Invisible Technology

More than cloud computing, a solution provider talks education process improvement. 

INTERVIEW | by Victor Rivero

Bob Burke President of FolderWave“The challenge was actually brought to us,” says Bob Burke, President of FolderWave, a privately-held Massachusetts-based company serving the higher education sector with process solutions. “We already had an extensive background in similar technology when a senior administrator at Boston College contacted us,” explains Bob. “He had grown frustrated with the vast amount of data and documents being managed for their financial aid operation, although it was really missing ‘process’. He recognized the efficiencies and savings revamping the process in an entirely new way, and asked us to take on the challenge. Once we had that in place, BC asked us to manage it all for them, then look at other processes. Things took off from there.” The company was founded back in 2000. In this EdTech Digest interview, Bob traces where they’ve been since, their unique approach — and where they’re heading.

It’s one of my firm beliefs that any vendor in the field of education must view their involvement as a sort of sacred trust.

Victor: It’s interesting that cloud computing for higher education is only now hitting its stride, you might say. Anything else to say about FolderWave’s development history?

FolderWave logoBob: In a way, we were offering a cloud-computing service well before the term caught on. Because we had the opportunity for a totally new approach, there were few constraints. We partnered with staff to understand their challenges, brainstorm the optimal solution, and made use of state-of-the-art solutions without the prior “baggage” of earlier versions, maintenance, or other types of overhead. We asked the users to lead the way by describing impediments and tried to implement the results as quickly as possible to avoid disruption during peak cycles. This evolved into a flexible framework that is far more agile than most traditional software. The structure allowed us to respond quickly and incorporate creative solutions to challenges. We’ve tried to continue to approach problems in a similar fashion ever since. Essentially we listen.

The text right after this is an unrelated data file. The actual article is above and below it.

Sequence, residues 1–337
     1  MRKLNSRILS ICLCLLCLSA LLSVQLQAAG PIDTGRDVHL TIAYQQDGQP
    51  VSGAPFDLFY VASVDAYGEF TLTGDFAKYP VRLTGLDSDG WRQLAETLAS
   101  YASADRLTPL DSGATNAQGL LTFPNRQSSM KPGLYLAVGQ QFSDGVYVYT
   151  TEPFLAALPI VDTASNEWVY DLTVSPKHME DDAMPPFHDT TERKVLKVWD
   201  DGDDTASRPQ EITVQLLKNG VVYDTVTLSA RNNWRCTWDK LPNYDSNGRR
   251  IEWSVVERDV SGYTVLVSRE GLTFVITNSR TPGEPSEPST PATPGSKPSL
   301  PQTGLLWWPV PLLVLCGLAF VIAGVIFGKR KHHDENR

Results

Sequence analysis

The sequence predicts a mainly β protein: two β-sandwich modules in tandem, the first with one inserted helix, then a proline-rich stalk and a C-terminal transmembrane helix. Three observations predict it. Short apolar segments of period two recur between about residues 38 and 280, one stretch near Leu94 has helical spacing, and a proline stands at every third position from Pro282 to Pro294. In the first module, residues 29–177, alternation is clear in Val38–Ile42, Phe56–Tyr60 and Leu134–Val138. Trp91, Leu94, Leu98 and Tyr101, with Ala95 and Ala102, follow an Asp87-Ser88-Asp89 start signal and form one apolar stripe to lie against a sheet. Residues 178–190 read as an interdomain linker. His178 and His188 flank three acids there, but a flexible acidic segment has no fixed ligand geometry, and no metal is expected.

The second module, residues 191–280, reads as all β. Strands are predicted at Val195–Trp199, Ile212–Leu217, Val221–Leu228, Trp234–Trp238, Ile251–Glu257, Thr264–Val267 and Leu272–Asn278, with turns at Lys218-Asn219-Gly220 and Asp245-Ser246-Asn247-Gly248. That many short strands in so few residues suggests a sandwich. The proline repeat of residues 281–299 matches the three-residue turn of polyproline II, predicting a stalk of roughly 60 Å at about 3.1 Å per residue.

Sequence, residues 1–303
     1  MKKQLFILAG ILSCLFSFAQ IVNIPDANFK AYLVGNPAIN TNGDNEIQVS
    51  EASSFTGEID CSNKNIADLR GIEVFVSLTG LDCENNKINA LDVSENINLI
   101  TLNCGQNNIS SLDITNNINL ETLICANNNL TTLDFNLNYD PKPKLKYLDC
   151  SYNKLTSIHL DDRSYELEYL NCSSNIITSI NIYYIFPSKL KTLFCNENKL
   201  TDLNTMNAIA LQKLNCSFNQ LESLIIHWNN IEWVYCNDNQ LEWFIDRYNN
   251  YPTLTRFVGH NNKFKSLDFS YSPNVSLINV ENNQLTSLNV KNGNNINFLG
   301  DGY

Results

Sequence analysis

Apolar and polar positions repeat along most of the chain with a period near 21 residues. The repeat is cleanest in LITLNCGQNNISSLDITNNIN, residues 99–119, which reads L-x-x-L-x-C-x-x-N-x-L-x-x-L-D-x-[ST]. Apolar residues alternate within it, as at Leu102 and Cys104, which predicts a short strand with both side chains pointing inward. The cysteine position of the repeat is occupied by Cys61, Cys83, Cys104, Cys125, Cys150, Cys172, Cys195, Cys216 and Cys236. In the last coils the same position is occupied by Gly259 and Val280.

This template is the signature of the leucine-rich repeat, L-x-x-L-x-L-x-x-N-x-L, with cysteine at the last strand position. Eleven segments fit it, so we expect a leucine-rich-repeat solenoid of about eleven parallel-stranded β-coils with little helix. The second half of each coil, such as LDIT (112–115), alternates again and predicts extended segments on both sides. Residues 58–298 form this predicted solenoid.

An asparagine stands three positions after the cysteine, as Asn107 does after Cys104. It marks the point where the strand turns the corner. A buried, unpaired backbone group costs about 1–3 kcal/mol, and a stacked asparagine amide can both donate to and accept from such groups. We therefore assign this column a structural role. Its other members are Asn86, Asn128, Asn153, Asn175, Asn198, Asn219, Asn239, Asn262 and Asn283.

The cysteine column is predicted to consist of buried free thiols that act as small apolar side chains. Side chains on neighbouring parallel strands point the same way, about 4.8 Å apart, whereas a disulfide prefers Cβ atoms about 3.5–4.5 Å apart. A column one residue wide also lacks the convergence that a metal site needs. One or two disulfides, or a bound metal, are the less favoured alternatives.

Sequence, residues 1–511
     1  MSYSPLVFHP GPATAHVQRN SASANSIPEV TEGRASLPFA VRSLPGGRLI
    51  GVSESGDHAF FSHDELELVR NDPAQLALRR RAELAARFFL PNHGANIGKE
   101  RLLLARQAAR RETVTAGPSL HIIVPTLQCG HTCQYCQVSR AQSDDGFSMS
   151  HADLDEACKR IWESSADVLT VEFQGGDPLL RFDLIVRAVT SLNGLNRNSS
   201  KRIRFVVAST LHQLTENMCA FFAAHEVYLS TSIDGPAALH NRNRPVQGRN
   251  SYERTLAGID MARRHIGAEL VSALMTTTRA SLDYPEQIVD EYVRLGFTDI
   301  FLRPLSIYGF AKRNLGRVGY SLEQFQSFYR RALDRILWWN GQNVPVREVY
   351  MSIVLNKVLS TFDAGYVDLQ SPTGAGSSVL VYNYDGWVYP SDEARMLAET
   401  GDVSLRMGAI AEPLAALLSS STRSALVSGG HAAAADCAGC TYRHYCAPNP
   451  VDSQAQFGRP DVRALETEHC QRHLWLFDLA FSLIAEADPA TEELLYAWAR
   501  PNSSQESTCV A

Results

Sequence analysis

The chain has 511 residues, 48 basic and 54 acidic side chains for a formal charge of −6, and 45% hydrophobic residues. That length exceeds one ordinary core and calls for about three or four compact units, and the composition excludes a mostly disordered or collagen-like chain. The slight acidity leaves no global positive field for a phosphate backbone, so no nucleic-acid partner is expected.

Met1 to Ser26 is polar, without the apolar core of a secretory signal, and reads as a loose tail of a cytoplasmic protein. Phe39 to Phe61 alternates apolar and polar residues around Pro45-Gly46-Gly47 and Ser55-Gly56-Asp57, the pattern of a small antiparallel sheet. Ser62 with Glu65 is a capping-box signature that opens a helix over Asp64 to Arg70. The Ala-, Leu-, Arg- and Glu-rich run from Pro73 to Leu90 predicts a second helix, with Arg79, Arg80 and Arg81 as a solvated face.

Victor: How about your own background – did something in particular really inform your current approach?

Bob: My background in product development and business process re-engineering allowed me to envision solutions outside—or perhaps a better term is opposite—of traditional educational offerings. I was fortunate to have already had a multitude of experiences that informed the structure of the solution we designed. While certain processes remained unique to higher education, I had enough other experience to provide breakthrough results in terms of volume and efficiency. From the start, we saw ourselves offering not so much a product as a service. In addition, we found opportunities to incorporate similar thinking in process design and self-service by listening closely to our customers’ needs. We worked closely with them to solve the challenges they faced, and because of the solution design we could deploy them rapidly and efficiently, and adapt them as processes change.